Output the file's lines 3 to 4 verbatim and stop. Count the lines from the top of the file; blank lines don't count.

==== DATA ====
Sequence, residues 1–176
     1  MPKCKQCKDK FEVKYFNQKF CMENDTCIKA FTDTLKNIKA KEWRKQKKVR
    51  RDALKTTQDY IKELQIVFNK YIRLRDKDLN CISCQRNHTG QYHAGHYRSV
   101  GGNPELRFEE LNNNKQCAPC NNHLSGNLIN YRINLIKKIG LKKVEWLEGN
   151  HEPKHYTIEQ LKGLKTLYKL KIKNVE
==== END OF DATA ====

    51  RDALKTTQDY IKELQIVFNK YIRLRDKDLN CISCQRNHTG QYHAGHYRSV
   101  GGNPELRFEE LNNNKQCAPC NNHLSGNLIN YRINLIKKIG LKKVEWLEGN